"Be it enacted by the Senate and House of Representatives of the Philippines in Legislature assembled and by the authority of the same:jgc:chanrobles.com.ph
"SECTION 1. It shall be unlawful to print, publish or circulate articles, manuscripts, engravings, or caricatures directly or indirectly creating sentiments favorable to the cause of the nations with which the United States is at war, or redounding to the contempt or dishonor of the Government of the Philippine Islands or of the United States, or tending to create obstacles for said Governments in the successful prosecution of the present war in favor of the United States.
"SEC. 2. Any person violating any of the provisions of this Act shall be punished by a fine of not to exceed two thousand pesos or by imprisonment for not less than one year, or both. In case the offender is a subject of a neutral foreign nation, the Governor-General may, besides, order him deported after service by the accused of the penalty imposed upon him.
"SEC. 3. This Act shall take effect on its approval and shall continue in force until the sixteenth day of October next following the date on which the President of the United States shall proclaim that peace has been reestablished between the United States and Germany and her allies.
"Approved, February 23, 1918."cralaw virtua1aw library
In explanation of his failure to invite the attention of the court to the provisions of this statute when the case was submitted for judgment, counsel for the petitioner informs us that he first learned of its enactment on :the day following the promulgation of our decision; and he asserts that although it may have been published and circulated in pamphlet form, it had not appeared in any publication of general circulation prior to that date.
The contention of counsel would seem to be:chanrob1es virtual 1aw library
(1) That the express grant of power to deport subjects of neutral foreign nations under the conditions indicated in the statute, carries with it an implied negation of the right to deport aliens under any other conditions whatever, and especially, to deport alien subjects of allied nations.
(2) That the express grant of power to deport certain specifically defined classes of aliens under Act No. 2757, discloses the belief of the legislature, itself, that the Governor-General had no power, theretofore, to deport such aliens under the provisions of section 69 of the Administrative Code of 1917.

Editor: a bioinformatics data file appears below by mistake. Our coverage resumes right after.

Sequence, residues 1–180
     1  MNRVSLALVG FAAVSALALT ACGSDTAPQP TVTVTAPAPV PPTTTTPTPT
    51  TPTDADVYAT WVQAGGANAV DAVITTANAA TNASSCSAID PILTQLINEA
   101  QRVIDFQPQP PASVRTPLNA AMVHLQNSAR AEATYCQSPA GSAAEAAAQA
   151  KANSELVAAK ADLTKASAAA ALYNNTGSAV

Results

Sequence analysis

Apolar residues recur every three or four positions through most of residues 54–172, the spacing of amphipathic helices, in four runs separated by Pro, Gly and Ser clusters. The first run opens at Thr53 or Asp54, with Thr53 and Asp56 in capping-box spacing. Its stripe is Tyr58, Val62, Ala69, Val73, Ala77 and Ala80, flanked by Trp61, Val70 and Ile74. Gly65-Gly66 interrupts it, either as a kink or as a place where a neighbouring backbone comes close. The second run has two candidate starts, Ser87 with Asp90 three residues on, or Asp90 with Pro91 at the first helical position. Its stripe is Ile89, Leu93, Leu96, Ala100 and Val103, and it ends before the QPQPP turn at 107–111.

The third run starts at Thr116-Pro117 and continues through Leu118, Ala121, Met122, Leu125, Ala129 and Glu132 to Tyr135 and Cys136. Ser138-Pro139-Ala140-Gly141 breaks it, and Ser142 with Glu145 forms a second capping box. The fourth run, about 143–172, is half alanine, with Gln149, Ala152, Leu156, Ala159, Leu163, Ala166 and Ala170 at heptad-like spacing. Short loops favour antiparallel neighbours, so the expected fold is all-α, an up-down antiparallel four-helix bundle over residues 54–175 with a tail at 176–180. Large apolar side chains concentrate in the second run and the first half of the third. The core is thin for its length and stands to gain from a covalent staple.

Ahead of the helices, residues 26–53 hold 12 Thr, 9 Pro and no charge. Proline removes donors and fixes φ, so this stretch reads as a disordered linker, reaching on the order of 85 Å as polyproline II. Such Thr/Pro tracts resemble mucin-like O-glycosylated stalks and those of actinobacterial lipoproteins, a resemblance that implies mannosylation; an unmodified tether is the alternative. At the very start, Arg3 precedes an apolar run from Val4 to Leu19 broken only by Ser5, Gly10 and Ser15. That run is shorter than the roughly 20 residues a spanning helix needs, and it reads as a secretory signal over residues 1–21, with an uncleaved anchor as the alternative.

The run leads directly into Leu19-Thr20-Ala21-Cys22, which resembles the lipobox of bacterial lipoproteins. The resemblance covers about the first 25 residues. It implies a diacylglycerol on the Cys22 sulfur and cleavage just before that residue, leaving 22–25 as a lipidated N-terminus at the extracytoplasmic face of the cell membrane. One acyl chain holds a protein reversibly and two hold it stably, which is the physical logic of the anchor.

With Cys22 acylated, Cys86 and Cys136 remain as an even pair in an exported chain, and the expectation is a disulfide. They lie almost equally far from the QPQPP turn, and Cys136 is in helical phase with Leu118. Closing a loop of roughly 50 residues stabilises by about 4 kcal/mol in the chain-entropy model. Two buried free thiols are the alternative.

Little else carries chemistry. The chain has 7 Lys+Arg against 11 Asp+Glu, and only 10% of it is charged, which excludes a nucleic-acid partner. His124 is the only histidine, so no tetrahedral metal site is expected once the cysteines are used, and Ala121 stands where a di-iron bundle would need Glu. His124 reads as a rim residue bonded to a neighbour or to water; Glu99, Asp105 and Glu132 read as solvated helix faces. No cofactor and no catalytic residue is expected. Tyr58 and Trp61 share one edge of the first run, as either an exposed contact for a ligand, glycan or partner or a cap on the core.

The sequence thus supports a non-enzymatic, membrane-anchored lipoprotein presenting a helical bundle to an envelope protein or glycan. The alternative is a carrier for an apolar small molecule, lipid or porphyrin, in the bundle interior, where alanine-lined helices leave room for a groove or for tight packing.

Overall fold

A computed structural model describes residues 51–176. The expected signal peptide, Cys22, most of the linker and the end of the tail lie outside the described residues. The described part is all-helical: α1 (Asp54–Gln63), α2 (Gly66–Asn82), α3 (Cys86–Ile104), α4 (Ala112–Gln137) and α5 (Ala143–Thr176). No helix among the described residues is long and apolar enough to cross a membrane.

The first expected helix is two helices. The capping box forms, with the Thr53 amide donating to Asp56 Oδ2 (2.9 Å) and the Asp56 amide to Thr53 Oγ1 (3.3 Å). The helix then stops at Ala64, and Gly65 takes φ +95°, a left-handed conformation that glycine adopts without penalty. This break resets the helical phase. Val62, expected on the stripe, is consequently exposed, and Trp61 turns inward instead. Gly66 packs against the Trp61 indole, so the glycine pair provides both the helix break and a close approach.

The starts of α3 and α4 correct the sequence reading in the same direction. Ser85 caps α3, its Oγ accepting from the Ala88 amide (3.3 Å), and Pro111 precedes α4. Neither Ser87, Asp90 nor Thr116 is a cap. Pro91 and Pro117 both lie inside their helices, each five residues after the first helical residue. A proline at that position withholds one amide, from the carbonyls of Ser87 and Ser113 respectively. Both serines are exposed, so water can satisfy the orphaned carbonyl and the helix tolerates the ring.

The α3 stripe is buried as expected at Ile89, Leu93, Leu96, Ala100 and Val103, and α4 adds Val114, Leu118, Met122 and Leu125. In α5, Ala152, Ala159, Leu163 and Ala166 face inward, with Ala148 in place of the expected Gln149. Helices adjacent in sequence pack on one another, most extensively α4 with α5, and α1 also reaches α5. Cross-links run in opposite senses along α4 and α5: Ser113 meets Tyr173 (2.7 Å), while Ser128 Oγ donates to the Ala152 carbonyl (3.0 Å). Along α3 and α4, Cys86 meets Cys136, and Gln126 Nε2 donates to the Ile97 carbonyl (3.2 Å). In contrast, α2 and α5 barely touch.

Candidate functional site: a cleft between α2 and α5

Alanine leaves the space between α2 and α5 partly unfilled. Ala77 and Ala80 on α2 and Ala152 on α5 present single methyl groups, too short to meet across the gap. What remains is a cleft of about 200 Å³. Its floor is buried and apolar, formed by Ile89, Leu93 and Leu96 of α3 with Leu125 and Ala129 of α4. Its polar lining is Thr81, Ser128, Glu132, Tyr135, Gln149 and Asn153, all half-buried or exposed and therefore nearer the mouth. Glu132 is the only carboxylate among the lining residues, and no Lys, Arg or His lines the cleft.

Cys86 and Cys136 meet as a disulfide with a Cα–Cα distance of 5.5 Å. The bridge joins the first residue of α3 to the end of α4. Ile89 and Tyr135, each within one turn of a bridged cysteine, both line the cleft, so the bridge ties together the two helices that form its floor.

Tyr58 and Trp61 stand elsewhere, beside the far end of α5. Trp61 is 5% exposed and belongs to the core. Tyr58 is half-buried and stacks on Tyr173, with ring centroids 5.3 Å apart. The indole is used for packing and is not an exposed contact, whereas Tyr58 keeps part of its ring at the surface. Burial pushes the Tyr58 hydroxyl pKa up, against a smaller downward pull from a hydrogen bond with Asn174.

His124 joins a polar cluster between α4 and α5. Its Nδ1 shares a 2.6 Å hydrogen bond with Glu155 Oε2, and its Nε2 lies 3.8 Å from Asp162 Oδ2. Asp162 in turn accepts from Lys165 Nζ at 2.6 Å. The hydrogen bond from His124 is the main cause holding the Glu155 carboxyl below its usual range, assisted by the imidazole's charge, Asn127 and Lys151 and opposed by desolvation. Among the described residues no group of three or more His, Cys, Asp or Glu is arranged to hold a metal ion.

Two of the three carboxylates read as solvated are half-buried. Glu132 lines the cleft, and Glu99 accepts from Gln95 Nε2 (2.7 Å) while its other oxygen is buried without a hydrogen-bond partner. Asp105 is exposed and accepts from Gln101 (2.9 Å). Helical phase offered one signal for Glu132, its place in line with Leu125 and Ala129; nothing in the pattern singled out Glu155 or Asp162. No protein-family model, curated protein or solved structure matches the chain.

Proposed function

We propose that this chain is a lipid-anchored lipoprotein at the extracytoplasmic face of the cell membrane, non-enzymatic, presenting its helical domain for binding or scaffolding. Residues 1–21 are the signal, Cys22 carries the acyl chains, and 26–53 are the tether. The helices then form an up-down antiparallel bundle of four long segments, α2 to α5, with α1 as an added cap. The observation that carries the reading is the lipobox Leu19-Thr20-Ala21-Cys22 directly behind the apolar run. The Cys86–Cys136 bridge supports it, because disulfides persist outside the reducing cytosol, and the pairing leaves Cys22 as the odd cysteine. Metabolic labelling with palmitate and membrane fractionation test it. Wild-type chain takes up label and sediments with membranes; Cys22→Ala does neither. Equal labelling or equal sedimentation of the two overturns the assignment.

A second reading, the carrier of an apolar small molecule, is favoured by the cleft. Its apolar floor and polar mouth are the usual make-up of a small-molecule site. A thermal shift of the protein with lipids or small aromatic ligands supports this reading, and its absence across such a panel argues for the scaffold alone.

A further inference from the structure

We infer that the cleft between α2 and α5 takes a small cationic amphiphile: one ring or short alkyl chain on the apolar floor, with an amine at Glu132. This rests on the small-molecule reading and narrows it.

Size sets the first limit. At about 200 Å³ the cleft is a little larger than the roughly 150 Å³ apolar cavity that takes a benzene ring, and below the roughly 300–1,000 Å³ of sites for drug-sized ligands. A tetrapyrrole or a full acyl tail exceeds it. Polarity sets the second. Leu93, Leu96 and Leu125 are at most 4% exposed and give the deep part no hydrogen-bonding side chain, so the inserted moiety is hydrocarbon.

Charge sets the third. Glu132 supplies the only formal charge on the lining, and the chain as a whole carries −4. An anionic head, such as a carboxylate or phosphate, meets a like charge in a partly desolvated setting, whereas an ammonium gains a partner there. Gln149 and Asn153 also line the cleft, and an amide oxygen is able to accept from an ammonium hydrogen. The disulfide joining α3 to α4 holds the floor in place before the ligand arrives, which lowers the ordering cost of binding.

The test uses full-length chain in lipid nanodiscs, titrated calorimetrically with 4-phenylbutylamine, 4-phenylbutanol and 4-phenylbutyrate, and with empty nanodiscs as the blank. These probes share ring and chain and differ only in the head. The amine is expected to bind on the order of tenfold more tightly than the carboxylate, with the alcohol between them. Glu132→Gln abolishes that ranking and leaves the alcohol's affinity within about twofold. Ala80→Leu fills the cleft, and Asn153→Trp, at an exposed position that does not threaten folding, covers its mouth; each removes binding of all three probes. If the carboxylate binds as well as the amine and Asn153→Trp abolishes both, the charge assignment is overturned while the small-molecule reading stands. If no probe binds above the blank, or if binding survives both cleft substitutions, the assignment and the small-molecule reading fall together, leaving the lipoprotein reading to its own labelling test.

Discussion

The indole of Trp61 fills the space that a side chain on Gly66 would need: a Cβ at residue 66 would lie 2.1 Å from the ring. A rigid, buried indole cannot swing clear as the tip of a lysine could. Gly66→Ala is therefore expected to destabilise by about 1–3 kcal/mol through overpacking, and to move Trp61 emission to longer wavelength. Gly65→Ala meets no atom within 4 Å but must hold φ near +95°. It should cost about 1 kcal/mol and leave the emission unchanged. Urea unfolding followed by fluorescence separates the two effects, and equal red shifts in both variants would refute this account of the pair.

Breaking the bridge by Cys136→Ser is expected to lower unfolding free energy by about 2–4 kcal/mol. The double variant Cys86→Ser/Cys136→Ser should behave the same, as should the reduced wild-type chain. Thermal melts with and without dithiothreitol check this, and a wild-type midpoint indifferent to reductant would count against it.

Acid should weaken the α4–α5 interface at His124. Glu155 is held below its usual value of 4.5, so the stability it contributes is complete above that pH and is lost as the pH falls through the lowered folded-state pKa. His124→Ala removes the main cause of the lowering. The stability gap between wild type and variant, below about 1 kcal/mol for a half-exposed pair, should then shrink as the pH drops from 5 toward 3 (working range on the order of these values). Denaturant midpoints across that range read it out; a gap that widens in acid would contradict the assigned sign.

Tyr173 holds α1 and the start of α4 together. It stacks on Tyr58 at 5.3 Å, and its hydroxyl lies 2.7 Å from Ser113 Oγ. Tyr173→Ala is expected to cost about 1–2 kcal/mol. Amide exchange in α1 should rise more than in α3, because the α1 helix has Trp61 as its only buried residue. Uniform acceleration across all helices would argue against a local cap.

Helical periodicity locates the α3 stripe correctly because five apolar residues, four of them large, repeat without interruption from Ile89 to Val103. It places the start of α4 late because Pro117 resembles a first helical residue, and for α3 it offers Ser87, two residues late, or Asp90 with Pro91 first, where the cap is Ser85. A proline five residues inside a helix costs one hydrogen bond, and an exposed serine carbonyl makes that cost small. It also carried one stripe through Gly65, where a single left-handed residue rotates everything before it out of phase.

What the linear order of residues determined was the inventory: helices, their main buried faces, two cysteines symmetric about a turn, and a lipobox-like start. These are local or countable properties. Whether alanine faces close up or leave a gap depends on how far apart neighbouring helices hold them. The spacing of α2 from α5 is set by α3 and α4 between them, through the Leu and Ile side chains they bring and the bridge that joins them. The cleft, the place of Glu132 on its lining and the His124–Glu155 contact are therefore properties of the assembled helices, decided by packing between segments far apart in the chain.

These contentions seem to overlook the fact that the statute is manifestly a war measure granting extraordinary powers during the period of war; and that its provisions touching the deportation of neutral aliens are not inconsistent with the exercise of the regulated power by the Governor-General to deport aliens under the provisions of section 69 of the Administrative Code.
The manifest purpose and object of the deportation provisions of the statute is merely to authorize the Governor-General, in his discretion, to order the deportation of a subject of a neutral foreign nation without holding an investigation of the ground upon which his action is based, under the terms of section 69 of the Administrative Code, where it appears that such person has been convicted of any of the crimes defined and penalized in the statute: such investigation having been rendered unnecessary by the opportunity given the convict to be heard and to defend himself in the course of his trial, prior to his conviction, in a court of competent jurisdiction. Cleary, there is no ground for a contention that this grant of power to the Governor-General, during the period of the war, to order the summary deportation of certain aliens, after their conviction in a court of law, without prior investigation, was intended to have the effect of repealing by implication the regulated power theretofore conferred upon him to deport aliens, upon prior investigation conducted in the manner and form prescribed in section 69 of the Administrative Code.
We are not advised as to the reasons which induced the Legislature to limit the application of the deportation provisions of the Act to subjects of neutral foreign nations, though it may be that this was due, as suggested by counsel for the petitioner, to the fear that a provision looking to the summary deportation from the Philippines of subjects of allied or enemy foreign nations might conflict with the terms of some treaty of alliance between the United States and her allies, or with the measures adopted by the United States looking to the internment or imprisonment of dangerous subjects of enemy countries.